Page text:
Thursday 26 – Tuesday 31 July
Mindful that local time was now an hour behind that in the Åland Islands and Finland (Central European Summer Time, CEST: GMT+2), we decided to keep Ship’s Time as we would soon be heading back to Mariehamn. Meanwhile, we enjoyed a lazy day at anchor, with a cooling swim to the smooth rocks on the other side of the bay. Below the water surface, a fuzz of green weed coats the face of the rock, while the higher dry areas are equally difficult to clamber onto after being sanded by the glaciers of the last Ice Age, some 10,000 years ago. However, it was worth the scramble, as they are warmed by the sun and feel a little like a hot stone massage.
The sunset was very red, leading Mate to wonder if she should trust the old proverb
“red sky at night, sailor’s delight”
– recent experience has been of unsettled or stormy weather following such a sky.
On Friday we began to weave our way in earnest Southwest towards Stockholm. Winds are often light and variable in direction among the islands of the skärgård (Swedish archipelago), and we made several sail changes to accommodate this, sometimes motorsailing to help our progress. At best we goosewinged the two foresails, or flew the gennaker, while following a slalom course among yachts and speedboats. We enjoyed particularly the scenery of the Stämmarsund, especially the sea eagle and deer, the latter in somebody’s garden!
Once again, we found a comfortable anchorage tucked deep up an inlet of Värmöländet, and swam from the boat to cool off.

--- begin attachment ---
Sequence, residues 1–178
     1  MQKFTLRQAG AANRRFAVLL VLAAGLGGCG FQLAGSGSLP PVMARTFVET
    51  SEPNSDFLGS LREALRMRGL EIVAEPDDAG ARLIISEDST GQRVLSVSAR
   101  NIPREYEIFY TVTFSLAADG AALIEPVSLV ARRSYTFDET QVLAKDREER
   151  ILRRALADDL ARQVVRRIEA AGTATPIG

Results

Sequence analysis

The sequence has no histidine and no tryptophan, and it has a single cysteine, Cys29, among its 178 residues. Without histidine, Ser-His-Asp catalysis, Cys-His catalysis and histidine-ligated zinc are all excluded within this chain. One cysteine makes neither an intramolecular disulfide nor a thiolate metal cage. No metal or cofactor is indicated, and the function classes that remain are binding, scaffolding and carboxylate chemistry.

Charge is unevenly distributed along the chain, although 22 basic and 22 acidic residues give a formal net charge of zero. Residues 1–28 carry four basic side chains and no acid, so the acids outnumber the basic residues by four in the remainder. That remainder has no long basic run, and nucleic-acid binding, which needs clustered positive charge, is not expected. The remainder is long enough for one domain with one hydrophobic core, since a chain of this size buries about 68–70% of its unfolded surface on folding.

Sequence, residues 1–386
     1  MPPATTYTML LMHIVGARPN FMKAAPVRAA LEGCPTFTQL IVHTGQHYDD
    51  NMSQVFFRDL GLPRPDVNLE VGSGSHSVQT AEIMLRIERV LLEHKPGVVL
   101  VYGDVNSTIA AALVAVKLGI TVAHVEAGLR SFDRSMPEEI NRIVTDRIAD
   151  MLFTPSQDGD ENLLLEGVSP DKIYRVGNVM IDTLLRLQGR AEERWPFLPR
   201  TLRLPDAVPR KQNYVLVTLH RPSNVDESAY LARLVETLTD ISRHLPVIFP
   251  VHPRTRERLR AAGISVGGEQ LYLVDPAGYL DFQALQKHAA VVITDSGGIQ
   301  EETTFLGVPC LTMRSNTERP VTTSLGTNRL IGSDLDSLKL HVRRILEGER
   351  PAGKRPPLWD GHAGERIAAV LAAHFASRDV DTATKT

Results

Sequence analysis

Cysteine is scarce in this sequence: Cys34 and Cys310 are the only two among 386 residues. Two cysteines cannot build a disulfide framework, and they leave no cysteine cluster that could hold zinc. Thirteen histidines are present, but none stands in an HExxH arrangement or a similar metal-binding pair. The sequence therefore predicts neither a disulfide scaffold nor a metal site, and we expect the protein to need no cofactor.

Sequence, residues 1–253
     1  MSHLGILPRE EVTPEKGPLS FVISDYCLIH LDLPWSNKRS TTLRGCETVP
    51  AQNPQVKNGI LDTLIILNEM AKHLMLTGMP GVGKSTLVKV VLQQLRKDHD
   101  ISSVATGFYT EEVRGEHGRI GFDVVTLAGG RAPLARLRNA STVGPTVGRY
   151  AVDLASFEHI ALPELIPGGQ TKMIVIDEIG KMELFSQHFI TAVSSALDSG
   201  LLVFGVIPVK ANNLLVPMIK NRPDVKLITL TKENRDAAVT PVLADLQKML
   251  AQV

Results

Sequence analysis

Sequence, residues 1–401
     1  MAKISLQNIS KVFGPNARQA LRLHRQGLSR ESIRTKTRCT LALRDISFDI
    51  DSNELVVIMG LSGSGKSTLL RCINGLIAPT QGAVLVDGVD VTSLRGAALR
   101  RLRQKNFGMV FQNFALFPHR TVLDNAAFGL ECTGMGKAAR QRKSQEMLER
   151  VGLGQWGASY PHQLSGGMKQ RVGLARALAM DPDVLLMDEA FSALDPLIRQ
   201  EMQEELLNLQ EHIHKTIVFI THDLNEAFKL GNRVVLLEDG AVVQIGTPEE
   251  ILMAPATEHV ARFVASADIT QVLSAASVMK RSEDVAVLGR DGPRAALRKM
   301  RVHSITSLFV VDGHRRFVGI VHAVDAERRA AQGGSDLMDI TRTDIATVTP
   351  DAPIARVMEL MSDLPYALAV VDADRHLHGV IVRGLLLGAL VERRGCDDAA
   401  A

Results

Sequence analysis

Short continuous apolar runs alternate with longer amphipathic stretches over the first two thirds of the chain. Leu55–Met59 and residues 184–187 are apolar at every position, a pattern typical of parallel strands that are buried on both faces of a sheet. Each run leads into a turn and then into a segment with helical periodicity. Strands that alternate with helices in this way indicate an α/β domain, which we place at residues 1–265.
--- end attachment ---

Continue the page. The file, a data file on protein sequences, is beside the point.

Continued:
On Saturday morning, Mate rose early and was rewarded by a small herd of fallow deer grazing their way across the grassy bank behind the anchorage. By now it was very hot, close and sticky. We set off in a light Easterly, struggling to fly the genoa downwind across a lumpy sea. Just South of Vaxholm, a busy port with numerous ferries and tourists swarming like bees around a honey pot, we passed only the second British-flagged yacht we’ve seen all season, a Southerly 110 Wind Rose, and exchanged an enthusiastic wave.
As we entered the final channel approaching Stockholm, we were bemused at the apparent lack of application of the ColRegs, whereby vessels should pass port-to-port (ie keep the oncoming craft on your left), and leisure craft should keep well clear of big ship channels. Here, yachts and motorboats were zipping around apparently randomly; maybe because this is how they behave in the ‘highways’ out among the islands. The water was brown and churning, reminiscent of the Thames approaching London, and we were glad to pass the soaring towers of the funfair rides and turn into Wasahamnen on Djurgärden, where we were asked to raft alongside a resident ship, the Slaggifadar.
The following day we moved away from the turbulence caused by the constant river traffic passing our stern, into the relative shelter of an inner berth in Wasahamnen. This was extremely tight, but we squeezed in without incurring any damage. At least in here we had access to water and electricity. We found our way to a local supermarket, and enjoyed a ferry ride to Gamla Stan, the oldest part of the city that stands on an island of its own. While enjoying a cool beer on the outdoor terrace of a bar edging Stortorget, the oldest square, we were entertained by a local brass band playing a range of well-known pieces, rounded off with an Abba medley!